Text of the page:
Gore Vidal (1925-2012) was born at the United States Military Academy at West Point. His first novel, Williwaw, written when he was 19 years old and serving in the army, appeared in the spring of 1946. He wrote 23 novels, five plays, many screenplays, short stories, well over 200 essays, and a memoir.
In the sixth of Vidal's historic novels about Aaron Burr and his descendants, the author has come a long way from Burr , the first in the series, both in time span--the focus here is on the years between 1917 and 1924--and quality. His imagination seems to flag as he draws closer to the present, and he delivers a surprisingly dry recitation of the facts and circumstances of history. Each of the novels in Vidal's U.S. saga has become more extravagantly peopled with historical personages. Presidents Harding, Wilson and Coolidge, and Hollywood stars Fairbanks, Chaplin and Mabel Norman make major appearances here. His fictional protagonists--Caroline Sanford and Burden Day, also the main characters of Empire --seem on hand merely to be injected at just the right moment to catch an intimate glimpse of the rich and famous. There is no dramatic tension in Hollywood , although there are regular flashes of Vidal's wit, in particular a scene in a steambath with Fairbanks and Chaplin waxing grandiloquent on the nature of movies. The details of the Teapot Dome scandal, the shadow presidency of Mrs. Wilson during her husband's incapacitation, and the difficulty of dealing with Harding's mistress are recounted with none of Vidal's usual relish. Although his writing continues to be clear and elegant, in Hollywood , he has failed to produce a compelling story. First serial to Washingtonian; BOMC featured alternate. (Feb.)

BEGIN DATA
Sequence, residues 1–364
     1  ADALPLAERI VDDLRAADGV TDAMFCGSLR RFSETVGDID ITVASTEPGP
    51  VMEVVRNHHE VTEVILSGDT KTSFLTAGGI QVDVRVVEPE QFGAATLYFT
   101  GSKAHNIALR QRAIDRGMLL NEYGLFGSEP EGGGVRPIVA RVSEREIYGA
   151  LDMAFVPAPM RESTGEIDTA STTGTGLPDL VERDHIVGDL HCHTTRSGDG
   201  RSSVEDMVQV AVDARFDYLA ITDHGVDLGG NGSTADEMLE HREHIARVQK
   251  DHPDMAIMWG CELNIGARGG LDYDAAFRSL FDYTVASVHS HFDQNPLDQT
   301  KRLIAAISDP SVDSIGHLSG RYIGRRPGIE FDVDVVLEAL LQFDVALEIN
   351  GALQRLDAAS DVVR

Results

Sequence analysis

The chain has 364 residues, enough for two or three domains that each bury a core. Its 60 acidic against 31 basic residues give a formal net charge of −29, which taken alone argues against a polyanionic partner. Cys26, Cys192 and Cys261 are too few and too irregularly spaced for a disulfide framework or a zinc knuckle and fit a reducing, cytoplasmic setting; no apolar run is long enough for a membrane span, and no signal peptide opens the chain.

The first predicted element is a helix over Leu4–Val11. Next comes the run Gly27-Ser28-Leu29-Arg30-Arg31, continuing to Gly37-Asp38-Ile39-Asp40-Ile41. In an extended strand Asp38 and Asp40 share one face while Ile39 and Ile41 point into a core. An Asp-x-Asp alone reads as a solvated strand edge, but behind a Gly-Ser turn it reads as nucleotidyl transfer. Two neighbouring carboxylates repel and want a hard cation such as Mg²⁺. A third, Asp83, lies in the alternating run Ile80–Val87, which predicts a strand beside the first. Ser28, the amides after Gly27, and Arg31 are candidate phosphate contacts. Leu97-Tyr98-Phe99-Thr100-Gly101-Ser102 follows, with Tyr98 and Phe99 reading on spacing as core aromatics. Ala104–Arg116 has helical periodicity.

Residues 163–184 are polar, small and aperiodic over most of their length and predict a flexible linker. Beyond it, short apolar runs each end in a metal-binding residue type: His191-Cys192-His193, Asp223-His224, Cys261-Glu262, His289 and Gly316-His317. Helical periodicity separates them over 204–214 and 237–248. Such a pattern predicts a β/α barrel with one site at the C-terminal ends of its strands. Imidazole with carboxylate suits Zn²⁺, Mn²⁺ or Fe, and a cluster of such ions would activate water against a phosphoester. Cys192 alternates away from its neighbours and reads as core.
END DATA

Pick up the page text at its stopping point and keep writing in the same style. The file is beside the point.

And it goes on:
" Wicked and provocative. . . . Vidal's purview of Hollywood in one
of its golden ages is fascinating."
" Vidal succeeds in making his history alive and plausible."
--The New York Times " Vidal's originality derives from his as-
surance that he can create and command the American history of his novels, as much as he can their imaginary components. No other American writer I know of has Vidal's sense of national proprietorship. He summons the entire American scene into his confident voice. Vidal's presump-
tions work marvelously well for his
The New York Review of Books Also available from the Modern Library:
Burr, Lincoln, 1876,
Empire, Washington, D.C.